New Delhi, Dec 8 (IANS) In line with the Make in India initiative, global medical device maker Meril Life Sciences on Saturday launched its first indigenously designed and manufactured artificial aortic valve for patients who are at a high risk or unwilling to undergo open heart valve replacement surgery.
The Transcatheter Aortic Heart Valve Replacement (TAVR), which will be sold under the brand name "Myval", is a minimally invasive procedure in which the doctor places a artificial valve into the patient's diseased valve via a catheter inserted through the femoral artery (large artery in groin).
It is an alternative way to replace diseased valves without undergoing traditional open heart procedure, which some patients may not receive well.
"Meril is the first Indian company to commercially make this therapy available in the country. Through the commercialisation of this technology, Meril will soon bring the next generation treatment modality to thousands of patients across the country and globally," said Sanjeev Bhatt, VP Corporate Strategy, Meril Life Sciences.
TAVR has been dominated by US-based medical devices makers Medtronics and Edwards Lifesciences.
"The novel Myval technology is associated with zero new pacemaker implantation rates post procedure (which is an important benefit for the patient already treated for valve replacement). Pacemaker is an additional device that may be placed post TAVR procedure," Bhatt told IANS.
"Keeping healthcare for all in mind, the price of the technology will be well within the range," he added.
The company has also received an approval from the Indian drug regulator Central Drugs Standard Control Organisation (CDSCO) for commercialisation of TAVR.
The approval is based on successful results from a clinical trial done in India, involving 14 hospitals -- Fortis and Medanta-The Medicity and Eternal Hospital, Jaipur, to name a few, Bhatt said.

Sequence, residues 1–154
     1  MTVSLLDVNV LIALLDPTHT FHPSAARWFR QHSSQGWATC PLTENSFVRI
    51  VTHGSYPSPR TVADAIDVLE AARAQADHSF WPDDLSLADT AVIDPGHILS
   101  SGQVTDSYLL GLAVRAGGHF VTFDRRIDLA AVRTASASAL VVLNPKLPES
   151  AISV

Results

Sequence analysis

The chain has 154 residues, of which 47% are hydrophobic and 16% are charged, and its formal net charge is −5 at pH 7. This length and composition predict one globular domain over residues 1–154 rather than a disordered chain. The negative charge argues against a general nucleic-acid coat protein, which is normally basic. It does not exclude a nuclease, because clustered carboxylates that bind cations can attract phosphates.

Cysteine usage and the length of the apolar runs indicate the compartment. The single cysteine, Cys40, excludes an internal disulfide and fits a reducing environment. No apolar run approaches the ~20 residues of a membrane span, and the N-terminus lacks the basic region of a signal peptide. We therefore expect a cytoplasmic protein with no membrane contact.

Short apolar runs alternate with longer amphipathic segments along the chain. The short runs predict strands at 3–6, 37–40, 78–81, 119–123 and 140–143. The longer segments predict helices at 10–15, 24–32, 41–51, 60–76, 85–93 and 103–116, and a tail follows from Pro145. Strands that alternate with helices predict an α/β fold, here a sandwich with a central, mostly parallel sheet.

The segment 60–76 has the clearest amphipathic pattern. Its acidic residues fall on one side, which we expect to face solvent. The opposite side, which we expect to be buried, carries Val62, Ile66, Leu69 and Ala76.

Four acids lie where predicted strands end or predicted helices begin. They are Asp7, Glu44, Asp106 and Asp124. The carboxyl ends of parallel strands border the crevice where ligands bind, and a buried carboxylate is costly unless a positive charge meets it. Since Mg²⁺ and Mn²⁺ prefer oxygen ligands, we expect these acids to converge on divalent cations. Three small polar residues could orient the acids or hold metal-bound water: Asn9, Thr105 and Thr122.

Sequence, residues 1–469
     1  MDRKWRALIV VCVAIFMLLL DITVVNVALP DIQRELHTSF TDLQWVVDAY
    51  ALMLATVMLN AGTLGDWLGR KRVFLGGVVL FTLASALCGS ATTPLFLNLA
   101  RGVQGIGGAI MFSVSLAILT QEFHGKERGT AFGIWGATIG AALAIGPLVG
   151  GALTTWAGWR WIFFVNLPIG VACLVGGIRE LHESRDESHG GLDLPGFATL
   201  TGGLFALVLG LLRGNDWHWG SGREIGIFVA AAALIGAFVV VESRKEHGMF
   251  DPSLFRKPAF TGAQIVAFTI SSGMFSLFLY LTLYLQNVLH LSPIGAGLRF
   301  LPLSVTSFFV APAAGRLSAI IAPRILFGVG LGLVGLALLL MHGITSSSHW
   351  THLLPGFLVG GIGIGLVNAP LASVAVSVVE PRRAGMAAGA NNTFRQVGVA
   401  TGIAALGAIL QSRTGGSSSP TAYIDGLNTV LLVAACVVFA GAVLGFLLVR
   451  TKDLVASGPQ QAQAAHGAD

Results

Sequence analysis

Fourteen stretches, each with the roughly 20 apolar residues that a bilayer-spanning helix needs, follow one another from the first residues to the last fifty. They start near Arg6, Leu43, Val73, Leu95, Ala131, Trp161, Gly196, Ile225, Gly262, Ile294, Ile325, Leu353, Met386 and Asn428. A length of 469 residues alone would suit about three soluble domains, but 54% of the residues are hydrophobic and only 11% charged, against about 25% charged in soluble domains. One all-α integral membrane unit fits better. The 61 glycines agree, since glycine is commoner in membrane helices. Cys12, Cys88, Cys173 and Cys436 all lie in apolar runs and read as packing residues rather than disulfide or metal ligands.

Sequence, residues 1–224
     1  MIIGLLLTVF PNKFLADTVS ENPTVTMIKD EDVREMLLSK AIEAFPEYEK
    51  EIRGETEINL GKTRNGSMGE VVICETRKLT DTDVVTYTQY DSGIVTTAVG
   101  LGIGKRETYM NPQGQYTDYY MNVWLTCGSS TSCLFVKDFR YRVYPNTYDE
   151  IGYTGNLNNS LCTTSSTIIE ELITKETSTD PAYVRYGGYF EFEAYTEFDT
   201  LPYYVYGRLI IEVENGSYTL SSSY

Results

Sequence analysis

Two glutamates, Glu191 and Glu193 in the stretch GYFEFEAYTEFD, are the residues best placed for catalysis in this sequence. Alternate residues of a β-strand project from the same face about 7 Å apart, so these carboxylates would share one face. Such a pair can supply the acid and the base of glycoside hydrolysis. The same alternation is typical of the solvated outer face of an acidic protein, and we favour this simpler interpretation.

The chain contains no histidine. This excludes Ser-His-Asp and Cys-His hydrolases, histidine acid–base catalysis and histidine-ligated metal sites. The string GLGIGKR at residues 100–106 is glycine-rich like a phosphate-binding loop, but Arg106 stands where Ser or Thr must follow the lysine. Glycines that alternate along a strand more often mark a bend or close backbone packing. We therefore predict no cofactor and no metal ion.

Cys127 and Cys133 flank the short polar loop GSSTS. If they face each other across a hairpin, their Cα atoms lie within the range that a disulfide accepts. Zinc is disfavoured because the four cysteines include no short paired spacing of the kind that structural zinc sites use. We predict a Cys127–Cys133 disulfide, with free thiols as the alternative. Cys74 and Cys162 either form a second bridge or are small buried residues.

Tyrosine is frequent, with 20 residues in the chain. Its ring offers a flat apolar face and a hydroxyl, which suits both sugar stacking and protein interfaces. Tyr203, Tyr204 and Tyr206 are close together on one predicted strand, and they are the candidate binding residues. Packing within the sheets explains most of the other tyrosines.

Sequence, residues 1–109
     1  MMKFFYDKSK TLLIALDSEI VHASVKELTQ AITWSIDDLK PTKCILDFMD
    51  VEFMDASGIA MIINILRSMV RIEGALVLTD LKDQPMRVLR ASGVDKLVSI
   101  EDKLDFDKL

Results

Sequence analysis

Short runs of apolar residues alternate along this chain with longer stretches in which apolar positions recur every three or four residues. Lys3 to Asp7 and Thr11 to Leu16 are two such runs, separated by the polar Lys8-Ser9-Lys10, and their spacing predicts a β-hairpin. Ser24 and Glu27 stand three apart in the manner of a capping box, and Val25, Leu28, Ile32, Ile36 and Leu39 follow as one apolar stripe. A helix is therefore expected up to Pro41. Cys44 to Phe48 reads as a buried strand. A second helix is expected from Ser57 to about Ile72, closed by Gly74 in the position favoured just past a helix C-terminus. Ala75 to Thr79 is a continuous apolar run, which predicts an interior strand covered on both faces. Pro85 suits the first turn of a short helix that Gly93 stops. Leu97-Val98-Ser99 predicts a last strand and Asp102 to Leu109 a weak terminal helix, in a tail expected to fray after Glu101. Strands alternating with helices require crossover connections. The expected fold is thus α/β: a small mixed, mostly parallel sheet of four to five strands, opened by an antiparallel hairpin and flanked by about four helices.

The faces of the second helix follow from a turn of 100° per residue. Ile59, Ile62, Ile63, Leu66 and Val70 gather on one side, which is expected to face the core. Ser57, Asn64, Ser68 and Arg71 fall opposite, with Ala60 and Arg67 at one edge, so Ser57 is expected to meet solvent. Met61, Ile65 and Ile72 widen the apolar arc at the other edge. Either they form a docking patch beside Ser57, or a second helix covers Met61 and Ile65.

"The development of this valve, which is implanted non-surgically through a catheter is a great achievement for the 'Made in India' initiative that such an important R&D has happened from India in a field which till now has been dominated by only American devices," Principal Investigator Ashok Seth, Chairman of Fortis Escorts Heart Institute, told IANS.
TAVR is increasingly becoming a preferred alternative for surgical valve replacement because it is associated with faster recovery time.
"The first patient to receive Myval has completed 1.5 years and is living a symptom-free productive life. The valve was effective in relieving the patient's symptoms and reducing the death and hospitalisation from the aortic stenosis," according to Ravinder Singh Rao, Interventional Cardiologist at Eternal.
"Myval TAVR technology will be a boon for millions of patients suffering from aortic stenosis," Rao said.
No major adverse cardiac, cerebral and renal events were observed at six-months follow-up and zero mortality among the patients in the trial.